Writing 101: Creating great characters
My favorite part of writing is creating great characters, giving them unusual, quirky and fun traits. Using regional dialects. Making them do interesting things. How many times have you read a story and felt like you lost a friend at its conclusion? Those are great characters!
Here are some examples I've found of wonderful fictional character descriptions.
“He leaned across the table, his massive face compressing his neck into a series of ripples that fell in a mudslide into his collar. He was a giant Shar-Pei gazing into Kyle’s eyes, wanting to be petted.”
—Bruce Henricksen, “After the Floods”
“Jude shined the world on and slipped its worst punches and in a fight knew how to swallow his blood and never let people know he was hurt. He had his Jewish mother’s narrow eyes and chestnut hair, and he combed it straight back in a hump, like a character out of a 1930s movie.”
—James Lee Burke, “The Tin Roof Blowdown”
“It wasn’t until he started elementary school that he realized it was wrong to draw on walls. It had been such a relief. School gave him structure, rules, direction. Summer vacations had him forgetting to eat because he spent hours and hours drawing and dreaming, never moderated by his parents. They had loved that about him. His had been a good childhood but one where ambition ranked right up there with Ronald Reagan as taboo subjects. He’d always assumed that, like his parents, he could make a meager living from his artwork and be happy with that. But school was nice, college even better, and he didn’t like the thought of leaving it.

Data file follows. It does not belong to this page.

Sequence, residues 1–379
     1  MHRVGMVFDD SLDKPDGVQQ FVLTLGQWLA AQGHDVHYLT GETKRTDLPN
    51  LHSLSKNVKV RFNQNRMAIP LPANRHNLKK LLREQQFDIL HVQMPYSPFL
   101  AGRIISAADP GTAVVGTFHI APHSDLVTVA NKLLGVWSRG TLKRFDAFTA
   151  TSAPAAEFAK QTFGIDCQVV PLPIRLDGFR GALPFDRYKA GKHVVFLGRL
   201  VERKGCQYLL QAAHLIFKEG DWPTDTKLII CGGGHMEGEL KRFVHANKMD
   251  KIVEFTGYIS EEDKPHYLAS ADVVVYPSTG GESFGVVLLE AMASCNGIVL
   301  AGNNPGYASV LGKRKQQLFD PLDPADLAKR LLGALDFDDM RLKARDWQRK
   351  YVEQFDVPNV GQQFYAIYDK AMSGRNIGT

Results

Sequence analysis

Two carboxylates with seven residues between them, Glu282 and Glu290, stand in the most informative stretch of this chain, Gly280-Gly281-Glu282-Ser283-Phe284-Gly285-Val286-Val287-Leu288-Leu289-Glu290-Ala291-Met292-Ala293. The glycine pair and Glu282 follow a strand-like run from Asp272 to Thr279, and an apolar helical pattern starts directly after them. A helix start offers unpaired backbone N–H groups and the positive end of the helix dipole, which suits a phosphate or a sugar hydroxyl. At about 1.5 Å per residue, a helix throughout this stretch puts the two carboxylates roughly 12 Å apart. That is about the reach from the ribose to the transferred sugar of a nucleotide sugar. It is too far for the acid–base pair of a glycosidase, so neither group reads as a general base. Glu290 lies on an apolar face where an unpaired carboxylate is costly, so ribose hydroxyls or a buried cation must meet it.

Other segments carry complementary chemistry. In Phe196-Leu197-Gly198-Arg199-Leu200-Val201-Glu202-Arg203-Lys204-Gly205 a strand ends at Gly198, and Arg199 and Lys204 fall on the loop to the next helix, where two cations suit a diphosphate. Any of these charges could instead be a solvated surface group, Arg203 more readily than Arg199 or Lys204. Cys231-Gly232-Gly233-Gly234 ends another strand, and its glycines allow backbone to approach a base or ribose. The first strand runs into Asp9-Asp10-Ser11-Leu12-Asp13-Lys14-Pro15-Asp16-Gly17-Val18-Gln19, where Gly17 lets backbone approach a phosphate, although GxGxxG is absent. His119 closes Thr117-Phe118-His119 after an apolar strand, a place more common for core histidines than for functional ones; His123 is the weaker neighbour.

So he decided to teach.
His parents never understood. Making good money was almost as bad as becoming a Republican.”
—Sarah Addison Allen, “Garden Spells”
“Annie stripped off her gray linen suit and slipped on a plain T-shirt and jeans that were beginning to feel snug. She unzipped her suitcase, took out her small bag of toiletries, put them in the bathroom cabinet, and dumped the rest of the wrinkled contents of her Monday-through-Friday life into the hamper. She was back downstairs in less then seven minutes. Her quick change from work clothes to home clothes was getting faster every week.”
—Nancy Star, “Carpool Diem”
“Claude is simply mouth-watering; six feet tall, with rippling black hair and large brown eyes, a perfect nose and lips just full enough. He keeps his hair long to cover up his ears; they’ve been surgically altered to look rounded like human ears, not pointed as they originally were. If you’re in the know supernaturally, you’ll spot the ear surgery, and you’ll know Claude is a fairy. I’m not using the pejorative term for his sexual orientation. I mean it literally; Claude’s a fairy.”
—Charlaine Harris, “Definitely Dead”
“He had a long stride, and it ate up the sidewalk quickly.”
—Nora Roberts, “Face the Fire”
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